Hitchcock became the point man to negotiate a cease fire with the Seminoles that ended Gaines' siege on the Withlacoochee. He went out and sat on a log, and personally met and conversed with Osceola, Abraham, Alligator, and Jumper.
A few days before, Gaines was hit by a rifle ball in the mouth that ricocheted off a tree. He exclaimed to Hitchcock, "It is mean of the redskins to knock out my teeth when I have so few!"
Afterwards when Gaines and Scott both met at Fort Drane, where their attitude towards each other was downright hostile, as Hitchcock writes:
"The meeting between the two generals was cold in the extreme. No civilities or courtesies passed between them. They sat opposite to each other at table without any salutations on either side. The aids, however, conversed with each other."
Despite the failed campaign of Gaines, he was probably in a better position to end the hostilities than General Scott. Gaines was a ground-pounding, hands-on officer who reacted quickly and instinctively. He was wounded but stayed firm. I imagine that the Seminoles had more respect for him than the aloof and distant Winfield Scott who traveled on campaign in the same location along the Withlacoochee with a full library and military band. And the Seminoles respected the cease fire they made with Gaines until Scott executed his campaign a few weeks later. Scott bragged that he could defend himself with a goose-quill pen, which would probably not have impressed the Seminoles.
(Below) General Winfield Scott.
Captain Hitchcock left Florida with General Gaines for the Sabine boarder lands, but once again had another unpleasant meeting with General Scott. When Houston defeated Santa Anna at San Jacinto, Hitchcock personally took Houston's hastily scrawled message of the victory to President Jackson in Washington. After he arrived in Washington City, Hitchcock found himself representing Gaines in a board of inquiry about the Gaines-Scott feud and military disaster in Florida, facing off against Scott.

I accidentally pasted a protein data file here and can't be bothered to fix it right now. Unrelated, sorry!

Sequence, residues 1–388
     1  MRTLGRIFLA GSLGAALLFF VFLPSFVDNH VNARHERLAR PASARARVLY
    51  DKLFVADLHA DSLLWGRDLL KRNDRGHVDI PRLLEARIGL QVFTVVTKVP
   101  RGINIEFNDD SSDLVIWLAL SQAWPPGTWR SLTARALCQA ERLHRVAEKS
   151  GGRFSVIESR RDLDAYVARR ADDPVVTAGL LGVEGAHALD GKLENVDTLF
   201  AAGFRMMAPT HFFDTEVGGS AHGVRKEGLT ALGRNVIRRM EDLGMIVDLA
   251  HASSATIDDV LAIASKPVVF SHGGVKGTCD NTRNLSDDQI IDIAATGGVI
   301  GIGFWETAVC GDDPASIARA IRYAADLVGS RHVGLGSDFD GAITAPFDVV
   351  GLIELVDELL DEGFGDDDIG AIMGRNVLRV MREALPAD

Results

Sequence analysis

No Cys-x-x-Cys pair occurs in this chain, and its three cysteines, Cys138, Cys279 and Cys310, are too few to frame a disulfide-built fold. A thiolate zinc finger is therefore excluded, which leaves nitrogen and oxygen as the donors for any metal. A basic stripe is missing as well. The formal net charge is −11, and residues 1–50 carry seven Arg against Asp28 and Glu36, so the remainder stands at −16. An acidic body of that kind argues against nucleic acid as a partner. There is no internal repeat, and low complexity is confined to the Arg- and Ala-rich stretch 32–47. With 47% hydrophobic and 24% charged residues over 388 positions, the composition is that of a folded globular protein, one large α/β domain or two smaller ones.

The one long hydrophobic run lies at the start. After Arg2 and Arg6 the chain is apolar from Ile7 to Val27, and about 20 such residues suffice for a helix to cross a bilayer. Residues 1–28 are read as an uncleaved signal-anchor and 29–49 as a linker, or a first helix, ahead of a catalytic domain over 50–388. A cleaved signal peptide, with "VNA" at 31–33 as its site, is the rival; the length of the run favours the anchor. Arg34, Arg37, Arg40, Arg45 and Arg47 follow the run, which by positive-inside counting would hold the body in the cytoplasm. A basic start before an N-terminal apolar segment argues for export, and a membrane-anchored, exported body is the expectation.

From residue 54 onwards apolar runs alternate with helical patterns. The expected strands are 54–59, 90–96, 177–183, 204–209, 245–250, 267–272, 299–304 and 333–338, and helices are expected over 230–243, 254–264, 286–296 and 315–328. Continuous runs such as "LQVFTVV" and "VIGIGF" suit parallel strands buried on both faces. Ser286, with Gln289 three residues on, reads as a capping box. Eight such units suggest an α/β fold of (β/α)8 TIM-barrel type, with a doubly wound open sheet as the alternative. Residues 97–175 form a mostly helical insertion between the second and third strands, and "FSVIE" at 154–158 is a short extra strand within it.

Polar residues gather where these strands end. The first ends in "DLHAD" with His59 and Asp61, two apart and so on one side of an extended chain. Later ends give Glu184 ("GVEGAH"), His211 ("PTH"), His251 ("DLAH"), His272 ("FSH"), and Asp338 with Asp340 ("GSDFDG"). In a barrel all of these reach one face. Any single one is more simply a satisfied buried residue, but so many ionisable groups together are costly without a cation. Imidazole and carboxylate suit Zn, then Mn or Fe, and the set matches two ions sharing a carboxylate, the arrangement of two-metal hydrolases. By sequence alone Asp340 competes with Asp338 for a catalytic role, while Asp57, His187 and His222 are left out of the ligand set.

Apparently Hitchcock defended himself well, because the Gaines got off with nothing more than a slap on the wrist for all the troubles he caused Scott.
Hitchcock would have several dealings with the war in Florida in the following years, and even later with the Seminoles in Oklahoma territory. It is said that Hitchcock's long letters describing the war were read by President John Tyler and influenced the decision to end the war.
Hitchcock and Scott would reconcile their differences, and Hitchcock would even serve on Scott's staff in the War with Mexico and the Civil War.
Both Hitchcock and Scott are buried in West Point, New York. Hitchcock has a simple military grave, while Scott has a large stone in a family plot. Gaines is buried in the Old Church Cemetery in Mobile, Alabama, with a simple grave.
(Below) Gaines' grave in Mobile, Ala., from findagrave.com .
All three graves are almost characteristic of their military styles and careers. Scott with the large and distinctive stone. Hitchcock with the simple but straight-forward VA stone. And Gaines with the rough & field trodden stone. And Gaines is also the least remembered in history of the three generals!